Naturally, no one had a wrench. But, unbelievably, someone had a hacksaw. Dave and I climbed into the cupola where Dave started sawing away. This wasn’t the safest thing we ever did. Either of us could have fallen right out of the cupola. Some years later the University wisely put a stop to clapper-napping out of concern for student safety.
After what seemed like forever, the bolt was severed and the clapper was ours! I carried it down and out of Nassau Hall. Word had spread of a “clapper 459 in progress” and scores had come to witness the event. Outside I lifted our spoils high in the air to a thunderous cheer. We returned to the Zoo with our booty and a few hundred celebrants. There were toasts and cheers and some photos that ultimately found their way into our Nassau Herald. When the evening ended we chained the clapper to our staircase and turned in. We soon learned what the preceding 230-odd classes had already learned: Classes still started right on time the next morning. Charlie, Larry, and I bogarted the clapper for the next four years but on graduation day in ’82 we handed it over to Cindy for safekeeping. (She has it still.)
We had notched our first Zoo exploit. Others followed: Within a few weeks we decided to throw a party to launch ourselves onto the social scene; “The Zoo Wants You” posters went up all over campus. (Our party was a smashing success but it essentially bankrupted us and wasn’t repeated.) We swiped the Harvard banner from Palmer Stadium that fall, much to the amusement of neighbor Hilary Bok ’81 and her dad, then the Harvard president, who passed through the Wilson courtyard as we were posing for a celebratory photo. We toured Manhattan on one memorable night. Four of us free climbed up to the catwalk of Jadwin Gym, eighty feet above the hardwood. And we found access to the steam tunnels and went spelunking through the campus catacombs late at night. Other plans fizzled. Our grand plan to turn the waters of the Woody Woo fountain into a gelatin lake came to naught when we calculated we would need an entire tractor-trailer full of orange Jell-O. We had our limits.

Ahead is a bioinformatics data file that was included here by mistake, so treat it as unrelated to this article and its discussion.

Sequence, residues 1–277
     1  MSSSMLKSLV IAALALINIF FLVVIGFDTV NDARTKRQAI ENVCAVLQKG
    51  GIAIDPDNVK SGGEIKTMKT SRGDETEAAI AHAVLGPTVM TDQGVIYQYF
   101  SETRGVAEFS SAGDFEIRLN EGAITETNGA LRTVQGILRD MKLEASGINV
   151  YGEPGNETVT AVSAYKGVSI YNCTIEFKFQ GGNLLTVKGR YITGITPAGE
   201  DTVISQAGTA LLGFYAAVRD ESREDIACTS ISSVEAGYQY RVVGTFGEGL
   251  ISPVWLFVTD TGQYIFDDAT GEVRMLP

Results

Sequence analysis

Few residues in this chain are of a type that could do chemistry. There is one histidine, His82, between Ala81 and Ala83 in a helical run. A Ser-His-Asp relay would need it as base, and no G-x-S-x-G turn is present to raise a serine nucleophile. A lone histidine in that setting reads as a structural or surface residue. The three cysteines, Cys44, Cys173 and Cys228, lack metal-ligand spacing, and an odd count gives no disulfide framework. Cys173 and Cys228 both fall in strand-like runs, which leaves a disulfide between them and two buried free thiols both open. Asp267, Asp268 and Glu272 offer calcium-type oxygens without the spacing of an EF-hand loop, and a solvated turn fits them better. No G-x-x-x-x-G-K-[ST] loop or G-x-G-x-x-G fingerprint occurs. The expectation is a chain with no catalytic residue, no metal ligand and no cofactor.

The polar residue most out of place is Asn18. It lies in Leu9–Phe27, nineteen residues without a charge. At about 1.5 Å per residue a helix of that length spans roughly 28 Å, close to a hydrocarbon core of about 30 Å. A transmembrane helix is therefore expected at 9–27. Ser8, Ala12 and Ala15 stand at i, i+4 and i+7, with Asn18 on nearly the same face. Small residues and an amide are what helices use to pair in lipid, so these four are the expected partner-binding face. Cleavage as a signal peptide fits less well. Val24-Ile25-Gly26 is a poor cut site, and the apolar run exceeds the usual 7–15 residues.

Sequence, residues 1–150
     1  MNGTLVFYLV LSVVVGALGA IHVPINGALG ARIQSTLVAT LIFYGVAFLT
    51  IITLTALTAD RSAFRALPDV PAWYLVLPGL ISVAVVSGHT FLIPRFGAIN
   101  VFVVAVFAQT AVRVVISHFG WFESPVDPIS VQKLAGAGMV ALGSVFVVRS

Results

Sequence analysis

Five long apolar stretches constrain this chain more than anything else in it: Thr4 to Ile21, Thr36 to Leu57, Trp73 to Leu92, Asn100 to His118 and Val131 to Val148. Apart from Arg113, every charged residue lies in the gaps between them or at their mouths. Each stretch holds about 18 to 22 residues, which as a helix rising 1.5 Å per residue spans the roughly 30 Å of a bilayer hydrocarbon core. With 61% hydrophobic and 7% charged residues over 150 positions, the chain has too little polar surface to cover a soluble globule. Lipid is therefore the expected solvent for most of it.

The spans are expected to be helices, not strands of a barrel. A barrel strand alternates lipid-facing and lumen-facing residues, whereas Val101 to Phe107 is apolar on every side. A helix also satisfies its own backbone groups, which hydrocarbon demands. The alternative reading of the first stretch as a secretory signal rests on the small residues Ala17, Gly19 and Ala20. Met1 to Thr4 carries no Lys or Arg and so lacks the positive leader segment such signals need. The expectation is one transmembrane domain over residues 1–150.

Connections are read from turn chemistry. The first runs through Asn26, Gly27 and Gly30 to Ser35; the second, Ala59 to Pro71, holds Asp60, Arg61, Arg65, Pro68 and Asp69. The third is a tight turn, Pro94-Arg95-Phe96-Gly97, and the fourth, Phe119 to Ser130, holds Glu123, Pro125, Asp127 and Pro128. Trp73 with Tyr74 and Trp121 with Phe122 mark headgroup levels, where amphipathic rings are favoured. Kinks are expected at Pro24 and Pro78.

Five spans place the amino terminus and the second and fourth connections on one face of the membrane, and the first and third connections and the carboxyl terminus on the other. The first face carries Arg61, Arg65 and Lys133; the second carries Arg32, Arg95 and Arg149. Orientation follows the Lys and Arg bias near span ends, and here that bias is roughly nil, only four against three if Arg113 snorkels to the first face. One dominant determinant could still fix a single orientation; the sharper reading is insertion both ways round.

Read a letter by current Zoo resident Jeremy Nelson ’20
I have seen some of my Zoo-mates from time to time but have lost touch with most of them. That often happened before the internet came along to keep everyone connected. Surprisingly, one legacy has endured all these 40 years. To this day 121 Dodge-Osborn is still known as “The Zoo.” In the fall of 2018, Zoo inmates number 481 through 492 will take up residence in the storied suite. I would not advise anyone to replicate our exploits. My advice: Seize your time at Princeton with both hands and make it your own.
Rocco Papalia ’82 is a senior executive of research and development and father of two who lives in Dallas, Texas.